"I never believed in running over working people in order to benefit those who don't need the benefit."
That statement, made by former Vermont Gov. Howard Dean on CNBC's Squawk Box, began a short debate between him and Wisconsin Gov. Scott Walker about the changes Walker made to collective bargaining in his state's public sector. But who are these "working people"? Politicians, both Democrats and Republicans, use the term but no one really defines it.
To Dean, they were the union public employees of Wisconsin, and only them. One immediately wonders: Are they the only "working people" in Wisconsin? What about the 2.7 million private-sector workers who pay the salaries of those public "working people? Or the non-union public sector workers? Or retirees living on pensions? Are they not also "working people?"
To Dean, Wisconsin's other working citizens must not figure into the equation. What he implied was that he believed in running over one group of "working people" to benefit another group of "working people" who were more suitable to him. That at least would be accurate.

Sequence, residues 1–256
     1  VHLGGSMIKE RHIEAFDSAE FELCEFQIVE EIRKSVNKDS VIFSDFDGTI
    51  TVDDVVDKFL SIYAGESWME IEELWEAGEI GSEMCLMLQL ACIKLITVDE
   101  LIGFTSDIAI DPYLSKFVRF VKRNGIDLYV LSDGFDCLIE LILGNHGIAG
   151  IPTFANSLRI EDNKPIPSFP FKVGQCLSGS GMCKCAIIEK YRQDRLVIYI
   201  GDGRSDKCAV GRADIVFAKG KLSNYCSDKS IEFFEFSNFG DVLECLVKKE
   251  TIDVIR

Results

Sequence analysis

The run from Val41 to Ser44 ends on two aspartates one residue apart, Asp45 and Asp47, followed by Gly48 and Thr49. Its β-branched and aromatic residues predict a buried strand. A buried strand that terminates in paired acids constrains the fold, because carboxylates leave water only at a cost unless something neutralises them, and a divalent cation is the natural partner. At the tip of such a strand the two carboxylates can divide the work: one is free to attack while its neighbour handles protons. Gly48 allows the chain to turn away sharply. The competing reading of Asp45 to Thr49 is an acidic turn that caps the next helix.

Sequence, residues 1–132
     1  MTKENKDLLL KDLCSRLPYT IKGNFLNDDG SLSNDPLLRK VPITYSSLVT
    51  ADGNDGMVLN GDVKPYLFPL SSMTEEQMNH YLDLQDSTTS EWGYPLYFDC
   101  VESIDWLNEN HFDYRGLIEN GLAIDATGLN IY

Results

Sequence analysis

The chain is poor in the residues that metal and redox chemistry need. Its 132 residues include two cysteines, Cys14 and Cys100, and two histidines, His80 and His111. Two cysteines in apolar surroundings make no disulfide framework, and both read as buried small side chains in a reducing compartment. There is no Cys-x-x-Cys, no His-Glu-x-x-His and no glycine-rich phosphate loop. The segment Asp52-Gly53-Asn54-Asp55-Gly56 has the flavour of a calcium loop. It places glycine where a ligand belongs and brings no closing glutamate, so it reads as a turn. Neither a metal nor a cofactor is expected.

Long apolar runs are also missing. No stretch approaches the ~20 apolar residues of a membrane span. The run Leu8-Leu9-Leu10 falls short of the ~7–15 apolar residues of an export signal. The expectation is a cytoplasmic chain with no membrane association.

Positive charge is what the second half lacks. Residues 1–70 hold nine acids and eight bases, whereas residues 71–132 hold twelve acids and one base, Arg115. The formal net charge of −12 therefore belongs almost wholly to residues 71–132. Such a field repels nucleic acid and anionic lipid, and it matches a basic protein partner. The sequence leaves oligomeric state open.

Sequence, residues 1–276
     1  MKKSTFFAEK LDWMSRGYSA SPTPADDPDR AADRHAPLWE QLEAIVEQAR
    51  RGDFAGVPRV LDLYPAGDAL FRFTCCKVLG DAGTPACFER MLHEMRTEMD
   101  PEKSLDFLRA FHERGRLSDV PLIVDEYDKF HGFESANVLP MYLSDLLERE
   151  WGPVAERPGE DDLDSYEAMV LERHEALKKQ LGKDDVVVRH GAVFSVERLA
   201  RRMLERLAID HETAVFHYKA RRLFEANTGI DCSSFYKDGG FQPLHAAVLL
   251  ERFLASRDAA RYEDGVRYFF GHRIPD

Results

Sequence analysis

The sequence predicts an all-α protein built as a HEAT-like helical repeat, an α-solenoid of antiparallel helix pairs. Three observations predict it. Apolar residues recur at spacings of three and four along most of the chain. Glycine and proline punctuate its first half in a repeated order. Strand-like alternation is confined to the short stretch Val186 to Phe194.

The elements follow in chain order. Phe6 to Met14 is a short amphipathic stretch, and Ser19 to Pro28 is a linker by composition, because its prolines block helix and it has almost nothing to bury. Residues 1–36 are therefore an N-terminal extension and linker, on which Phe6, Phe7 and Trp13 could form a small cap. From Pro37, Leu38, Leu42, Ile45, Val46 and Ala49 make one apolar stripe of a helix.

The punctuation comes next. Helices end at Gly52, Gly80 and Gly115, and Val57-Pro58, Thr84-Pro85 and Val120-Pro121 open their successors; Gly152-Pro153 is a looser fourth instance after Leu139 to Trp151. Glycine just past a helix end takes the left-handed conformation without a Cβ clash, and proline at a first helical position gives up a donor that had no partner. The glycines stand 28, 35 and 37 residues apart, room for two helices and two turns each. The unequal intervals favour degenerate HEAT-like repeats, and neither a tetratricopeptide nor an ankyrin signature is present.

"Working people" must be a term thoroughly tested in focus groups, because my mailbox is filled with mailers from politicians using the term or something similar. The well-vetted phrase is supposed to mean you, the recipient, everyone. But let's be clear. Rhetorically it refers to only blue-collar workers earning wages. It seems to leave out any number of people: small business owners, corporate executives, doctors, lawyers, politicians, investment bankers, lenders, and people over a certain income level. Why the omissions? Aren't these folks "working people," too?
Have you ever spent a day with a practicing physician, shadowed a resident on late-night 12-hour shifts, or put in the hours of an associate lawyer or investment banker? Eighty-hour weeks would be a vacation for these young people?
As a former small business owner, my wife would have thought we'd gone bankrupt if I ever came home before 6 p.m. Even on vacation the business issues do not stop, nor the risk, the responsibility, the interest payments, or the payrolls.
The point here is simple: The "working people" of the United States are all the folks at every level who make this great country work. They drive school buses, teach our children, run the local 7-11, build our homes, finance them, make the appliances we use, keep the peace, guard our nation, etc. Each has an important role, so let's not let politicians use such terms to divide us into warring classes.
Especially as Christians, our churches should be shining examples of organisms where CEOs and auto mechanics of every color can join together as equals at the foot of the cross and celebrate our appointed callings. I praise and laud all the "working people" of America. Keep it up-all of you!